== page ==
Sunday, June 12, 2016

For the Love of Mockery

Talk all you want about the "black" card or the "woman" card, but let's get serious about the "city" card.

As in, don't tell me you can't park your compact little car in a space that would accommodate both my Altima and Pru's Mini because I will expect you to park and adjust until you are less than 18 inches from the curb anyway.

Otherwise, I will make a citizen's arrest to confiscate your "city" card. Beau was so hesitant about taking on the parking gauntlet I threw down that a bicyclist riding by piled on, calling out, "Tell him he can park up here," gesturing at an open-ended space that could have accommodated an 18-wheeler.

That kind of condescension while biking is a treat to behold. Luckily, Beau kept his card.

The barkeep at Belmont Food Shop greeted me discreetly, as if we had not just seen each other 18 hours ago, and set up the four of us in the front window, where the confluence of today's 90-something temperatures, a western exposure and the setting sun ensured that perspiration ensued.

"Chef says it's too hot for confit," our server pronounced, setting down plates of amuse bouches (gougeres and three kinds of dressed diced beets, all swoon-worthy) to replace confit. Pickled shrimp and pate took us right into a conversation about the relationship across the table.

"You mean I'm still on trial?" he asks, mock incredulously. No, you're in training, we clarify.

"Training?" Pru challenges. "I prefer 'probation.'" It was immediately clarified that the end game was not a pre-determined outcome, but whatever worked best for both because the term "relationship" is a malleable one, god knows.

Everything we ordered was dead tasty (as my Scottish friend would phrase it) and that extended from the killer skate over sauteed pea shoots to clam chowder to crabmeat over avocado to a sunny asparagus salad with baked Ricotta and lemon to smoked bluefish dip.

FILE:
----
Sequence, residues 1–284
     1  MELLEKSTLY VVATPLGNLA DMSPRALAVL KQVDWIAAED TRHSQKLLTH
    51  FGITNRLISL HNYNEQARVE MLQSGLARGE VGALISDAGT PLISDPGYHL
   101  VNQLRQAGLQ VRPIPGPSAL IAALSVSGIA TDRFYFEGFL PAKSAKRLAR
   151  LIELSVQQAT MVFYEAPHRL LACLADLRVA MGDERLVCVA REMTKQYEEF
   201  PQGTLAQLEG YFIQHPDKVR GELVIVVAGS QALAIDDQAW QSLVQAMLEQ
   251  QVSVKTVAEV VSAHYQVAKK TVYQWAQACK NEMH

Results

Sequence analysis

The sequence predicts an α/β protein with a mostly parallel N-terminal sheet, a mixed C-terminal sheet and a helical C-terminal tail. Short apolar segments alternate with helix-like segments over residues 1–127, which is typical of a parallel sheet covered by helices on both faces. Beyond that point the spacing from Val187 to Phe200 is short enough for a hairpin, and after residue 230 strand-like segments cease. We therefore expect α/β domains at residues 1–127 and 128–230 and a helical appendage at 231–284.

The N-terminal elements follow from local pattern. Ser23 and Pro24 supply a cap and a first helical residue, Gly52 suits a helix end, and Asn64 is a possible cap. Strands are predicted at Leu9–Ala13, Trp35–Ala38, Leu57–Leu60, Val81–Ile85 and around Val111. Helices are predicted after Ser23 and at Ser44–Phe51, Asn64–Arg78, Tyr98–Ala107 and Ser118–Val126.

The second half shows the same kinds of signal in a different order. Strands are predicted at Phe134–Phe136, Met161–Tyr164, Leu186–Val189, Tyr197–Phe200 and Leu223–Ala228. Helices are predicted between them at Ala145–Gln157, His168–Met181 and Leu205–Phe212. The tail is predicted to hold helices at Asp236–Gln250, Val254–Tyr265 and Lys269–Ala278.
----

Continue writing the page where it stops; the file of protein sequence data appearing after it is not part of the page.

When it came time to consider dessert, Pru admonished, "You can have whatever you want," only to get the cheeky response, "I want a 120-pound body and a tall, dark and handsome 35-year old."

Yes, don't we all?

When the subject returned to Beau's lack of parallel parking confidence, the tragic result of too many years living in suburbia, Pru interjected with an idea that she and I would sit in my apartment sipping wine while he practiced parking down on my street between two orange cones outfitted with eggs on top of them, a ploy gleaned from an episode of "The Brady BUnch."

For the record, Marcia did a far better job parallel parking than Greg Brady did, but who's really surprised at that?

In any case, Pru's thought was that we'd watch from above, judging his parking moves and tossing out small rewards when he succeeded. I thought Tootsie Rolls would make a fine reward.

"I'd parallel park for Tootsie Rolls!" she announces, proving yet again why we're soul mates. I'd do a lot for Tootsie Rolls.

After French silk pie and chocolate bread pudding was an acknowledgement that Pru and Beau "will always have coffee" (as opposed to Paris, I suppose), a reference to their shared caffeine addiction which, despite the heat, had them drinking a French press.